Justin Kramon Justin's Comments (member since Mar 08, 2010)

Justin's comments from the Readers and Reading group.

(showing 1-9 of 9)

Mar 15, 2010 10:20AM

10168 I can understand why the use of quotes would be annoying. It's true that most nonfiction wouldn't be that open to such personal interpretation. But I think the same issue with quoting could be a problem in fiction or any writing that relies on memory. Even a fictionalized character might have trouble accurately remembering a conversation that happened when she was 3 or 4 years old. But fiction often directly quotes very old conversations.

I'm thinking that maybe each genre has its own expectations about accuracy. But I also think JoAnn has a good point that memoirs have become more popular over time for some reason. Proust could have made "Remembrances of Things Past" a memoir, and Henry Miller could have made "Tropic of Cancer" a memoir -- but both chose to make them novels for some reason related to the times they were writing in and their expectations of what books do.
Mar 12, 2010 01:28PM

10168 Maybe in a lot of memoirs, the hardship provides some of the narrative tension you get in a novel when the character faces challenges. In most novels, I feel like I read on to see if some situation is going to work out -- a love relationship, a friendship, a detective solving a case -- and in most memoirs, the situation that might not work out is the narrator's life. But there are some memoirs, like Under the Tuscan Sun, that are about lighter challenges, and still are very popular...
Mar 12, 2010 08:38AM

10168 JoAnn/QuAppelle wrote: "I would guess that i..."

That's an interesting point. Do you think that's the main reason people decide to make a book a memoir and not a novel? Or do you think there are other artistic reasons?
Mar 12, 2010 06:25AM

10168 I was curious about her next book, but haven't had the chance to read it yet. It is really interesting about how people decide what is "true" in a memoir. I always feel like the facts are not important when I'm reading a book -- that I'm more interested in the emotional truth -- but maybe that's because I write fiction. I guess a really good memoir should read well as a novel, too, right? I mean, would The Glass Castle be just as interesting if she was a fictional character?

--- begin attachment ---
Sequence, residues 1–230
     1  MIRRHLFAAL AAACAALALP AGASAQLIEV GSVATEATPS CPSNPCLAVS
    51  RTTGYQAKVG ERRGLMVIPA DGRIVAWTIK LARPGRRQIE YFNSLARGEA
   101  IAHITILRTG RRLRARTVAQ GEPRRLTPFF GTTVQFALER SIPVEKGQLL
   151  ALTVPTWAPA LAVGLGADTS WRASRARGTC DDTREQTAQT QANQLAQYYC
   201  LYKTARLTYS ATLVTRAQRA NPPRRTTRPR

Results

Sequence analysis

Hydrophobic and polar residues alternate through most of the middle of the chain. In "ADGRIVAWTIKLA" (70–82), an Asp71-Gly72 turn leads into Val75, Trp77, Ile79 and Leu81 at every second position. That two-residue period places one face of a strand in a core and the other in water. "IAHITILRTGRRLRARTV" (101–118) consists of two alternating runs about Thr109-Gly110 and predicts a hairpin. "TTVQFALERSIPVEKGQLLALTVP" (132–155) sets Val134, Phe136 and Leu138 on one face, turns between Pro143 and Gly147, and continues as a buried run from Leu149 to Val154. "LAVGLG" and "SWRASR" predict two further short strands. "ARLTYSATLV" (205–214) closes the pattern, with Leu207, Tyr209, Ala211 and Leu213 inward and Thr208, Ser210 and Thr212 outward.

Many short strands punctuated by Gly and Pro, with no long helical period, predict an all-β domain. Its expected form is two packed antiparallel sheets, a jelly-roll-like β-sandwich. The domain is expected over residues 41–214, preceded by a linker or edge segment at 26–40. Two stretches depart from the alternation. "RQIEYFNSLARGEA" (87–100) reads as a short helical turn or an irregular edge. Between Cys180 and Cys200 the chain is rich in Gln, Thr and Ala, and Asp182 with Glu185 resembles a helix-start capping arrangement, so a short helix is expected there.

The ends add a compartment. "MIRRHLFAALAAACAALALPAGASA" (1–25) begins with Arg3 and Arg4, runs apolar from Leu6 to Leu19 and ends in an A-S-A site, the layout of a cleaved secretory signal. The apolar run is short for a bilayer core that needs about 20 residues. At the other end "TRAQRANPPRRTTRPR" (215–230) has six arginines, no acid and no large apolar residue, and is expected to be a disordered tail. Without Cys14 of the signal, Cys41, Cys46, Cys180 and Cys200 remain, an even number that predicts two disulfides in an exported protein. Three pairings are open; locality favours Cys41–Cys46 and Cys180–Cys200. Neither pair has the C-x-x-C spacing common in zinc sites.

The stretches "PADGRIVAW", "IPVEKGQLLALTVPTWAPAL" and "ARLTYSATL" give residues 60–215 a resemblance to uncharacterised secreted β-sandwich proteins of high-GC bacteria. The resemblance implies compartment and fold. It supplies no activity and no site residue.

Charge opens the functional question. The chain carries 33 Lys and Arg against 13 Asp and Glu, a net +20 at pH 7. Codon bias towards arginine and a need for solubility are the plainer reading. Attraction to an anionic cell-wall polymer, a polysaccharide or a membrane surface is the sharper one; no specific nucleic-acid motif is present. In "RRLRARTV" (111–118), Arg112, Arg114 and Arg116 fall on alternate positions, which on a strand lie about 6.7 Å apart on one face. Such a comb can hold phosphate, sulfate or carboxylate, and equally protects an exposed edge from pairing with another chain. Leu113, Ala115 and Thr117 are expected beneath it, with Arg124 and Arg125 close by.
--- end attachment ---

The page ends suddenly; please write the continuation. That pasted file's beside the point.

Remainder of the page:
Mar 09, 2010 08:11PM

10168 I agree...and also just thought it was amazing how un-self-pitying the book was. All of her feelings came out without her having to be angry or blame anyone.
Mar 09, 2010 01:56PM

10168 Thanks, Deborah and R. Nice to "meet" both of you, too. Deborah, I'm glad you realized I wasn't talking about the Booth Tarkington novel -- definitely not like Olive Kitteridge! And R, it's always good to meet more Philadelphians. (Is that the word?)

Have others in the group read "The Glass Castle"? Just finished that the other day and was wondering what people thought of it...
Mar 09, 2010 07:10AM

10168 JoAnn/QuAppelle wrote: "re: Alice Adams....Justin, I have just never been able to enjoy her books and I am not sure why.

I was in Philadelphia the other day...the Main Line...and now I see why people who live there take ..."

Yes, traffic and parking are two of the worst things about Philly.
Mar 08, 2010 03:16PM

10168 JoAnn/QuAppelle wrote: "Nice to "meet" you, Justin, and hope you stop in often. Many of us here loved Olive Kitteridge...I thought it was such a special book. I also like Munro's stories, although I have not read many of ..."

Hey JoAnn,

Nice to "meet" you, too! I am from Baltimore, but I live in Philadelphia now. My parents are still in Baltimore and I go there a lot. I've seen that collection you're talking about, and have read and enjoyed a couple pieces from it. I also like reading fiction set in familiar places and seeing how the authors write about them.

By the way, I just have to tell you that if you like Alice Munro and Elizabeth Strout, I think you'd love Alice Adams. I don't know if as many people read her anymore, but she has a book called "Superior Women" that was a bestseller I think in the 80's -- amazing book, amazing writer. She's just so good at talking about people's feelings and thoughts, and her books are unbelievably entertaining -- like reading gossip by a smart and funny friend. Anyway, just thought I'd mention...
Mar 08, 2010 08:52AM

10168 I hope you all don't mind, but I just saw your discussion group and it looked great and I thought I'd drop by. Like others in this group, I recently finished reading Olive Kitteridge and loved it. I just thought Elizabeth Strout made all the characters come alive and was really good at making unsympathetic characters become sympathetic, as you got to know them. I also recently picked up the newest Alice Munro collection -- she's one of my favorite authors. Just thought I'd mention her for anyone who liked Olive Kitteredge.

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